SHELBURNE – One-on-one talks with other amateur radio operators as far as Moscow are firmly on the horizon for a Shelburne man.
The construction of two antenna towers on Zachary Mangenello’s estate on Dorset Street – a point of contention with its neighbors for at least a year – was approved in a private hearing by the Development Review Board on Wednesday evening.
On paper, and later, in balloon tests trying to approximate the height of the towers, some people found the structures too tall for the neighborhood.
Radio towers downsized
Compromises were made along the way. The new structures will be measurably less of a thorn in the side: originally conceived at 70 feet, the final plans shone a year after his application was submitted for a pair of amateur radio antennas. A Shelburne man’s project gets off the ground with slender, Guywire-borne towers that stretch to 40 and 60 feet.
If the towers ever collapse, they’ll stay on his property. If he moves, he’ll have to pay to remove them.
Lack of persistence – and patience – draws on more than a century of niche science. His community of amateur colleagues, also known as the “ham”, has been exchanging both casual and urgent notes over non-commercial radio frequencies (originally in Morse code) since the 1890s.
Hams touts the technology as the forerunner of the Internet and still serves to connect, entertain, and alert distant communities to emergencies when cellular and broadband service goes down.
The FCC takes these hobbyists seriously enough to require them to be licensed.
Shelburne zoning regulations limit the height of these antennas to 35 feet in this part of town, which is roughly equidistant from Spear Street and Hinesburg Road.
Amateur radio provides backup emergency communications
The prospect of emergency communications offered by a local amateur radio operator and lack of openness to public education and research projects ultimately influenced the citizen-led review panel.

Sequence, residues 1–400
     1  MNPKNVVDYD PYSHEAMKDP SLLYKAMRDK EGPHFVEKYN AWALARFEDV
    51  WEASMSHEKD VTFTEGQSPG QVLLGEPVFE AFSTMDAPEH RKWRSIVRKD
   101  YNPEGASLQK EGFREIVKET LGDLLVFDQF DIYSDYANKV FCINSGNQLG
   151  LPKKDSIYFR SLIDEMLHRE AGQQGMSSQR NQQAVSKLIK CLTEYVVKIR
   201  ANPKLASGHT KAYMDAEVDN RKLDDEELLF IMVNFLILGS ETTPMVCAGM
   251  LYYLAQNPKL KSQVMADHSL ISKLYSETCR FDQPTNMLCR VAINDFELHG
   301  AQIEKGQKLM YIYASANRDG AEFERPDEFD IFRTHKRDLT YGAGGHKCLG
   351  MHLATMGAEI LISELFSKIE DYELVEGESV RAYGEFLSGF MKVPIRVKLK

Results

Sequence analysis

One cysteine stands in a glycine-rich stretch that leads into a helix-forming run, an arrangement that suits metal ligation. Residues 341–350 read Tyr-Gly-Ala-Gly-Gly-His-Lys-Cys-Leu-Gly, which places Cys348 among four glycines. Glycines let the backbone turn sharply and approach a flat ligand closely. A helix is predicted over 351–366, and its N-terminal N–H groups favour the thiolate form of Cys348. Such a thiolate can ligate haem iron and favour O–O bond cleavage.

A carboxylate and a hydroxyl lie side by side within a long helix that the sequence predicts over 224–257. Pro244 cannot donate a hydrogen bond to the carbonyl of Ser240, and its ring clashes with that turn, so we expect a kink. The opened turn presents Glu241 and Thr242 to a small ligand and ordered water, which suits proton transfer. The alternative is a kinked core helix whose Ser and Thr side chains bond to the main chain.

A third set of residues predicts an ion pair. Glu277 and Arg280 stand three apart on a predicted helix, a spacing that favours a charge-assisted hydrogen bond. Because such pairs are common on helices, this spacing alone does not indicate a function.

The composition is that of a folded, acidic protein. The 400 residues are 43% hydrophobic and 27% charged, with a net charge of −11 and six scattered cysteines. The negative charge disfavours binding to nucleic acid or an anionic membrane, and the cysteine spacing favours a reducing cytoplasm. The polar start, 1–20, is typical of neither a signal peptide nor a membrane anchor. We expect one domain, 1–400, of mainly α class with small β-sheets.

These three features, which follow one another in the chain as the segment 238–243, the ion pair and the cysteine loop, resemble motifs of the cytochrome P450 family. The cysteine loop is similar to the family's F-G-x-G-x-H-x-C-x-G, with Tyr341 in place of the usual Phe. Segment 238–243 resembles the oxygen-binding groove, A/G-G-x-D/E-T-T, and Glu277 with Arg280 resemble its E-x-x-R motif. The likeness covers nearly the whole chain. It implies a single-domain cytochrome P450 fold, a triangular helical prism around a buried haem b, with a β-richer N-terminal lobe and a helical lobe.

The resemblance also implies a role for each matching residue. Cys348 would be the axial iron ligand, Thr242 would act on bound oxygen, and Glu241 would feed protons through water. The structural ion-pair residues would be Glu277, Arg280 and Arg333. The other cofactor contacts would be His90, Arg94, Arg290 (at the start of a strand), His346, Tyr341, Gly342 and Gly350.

So is the Federal Communications Commission, which strongly advises that local regulators are making “reasonable arrangements” for amateur operators – not only for practical reasons but also because of “the amateur’s unique ability to enhance international goodwill.”
In addition to Moscow, Mangenello lists Japan and Hawaii as his wireless “destinations”.
And he’s only an amateur in a limited technical sense. Now in his early 40s, Mangenello received his first ham license at the age of 14, according to his application to Shelburne.
He has held the highest class of amateur licenses since he was 17; He is now a card-bearing member of the Vermont Department of Public Safety Radio Amateur Civil Emergency Service.
“My own engineering research,” Mangenello wrote in his application, “included wireless mesh networks, internet connections, radio astronomy, weak signal propagation assessment and antenna design.”
The construction of the new towers will take about a year. They have no lights – they’re below the FAA’s 200-foot threshold for radio interference.
The callsign K1ZK can stay in the air if the network fails
What if the grid fails in an ice storm? Mangenello’s in-house station (callsign K1ZK) is kept connected thanks to a solar-charged array and a collection of Tesla Powerwall batteries.
Contact Joel Banner Baird at 802-660-1843 or firstname.lastname@example.org. Follow him on Twitter @VTgoingUp.
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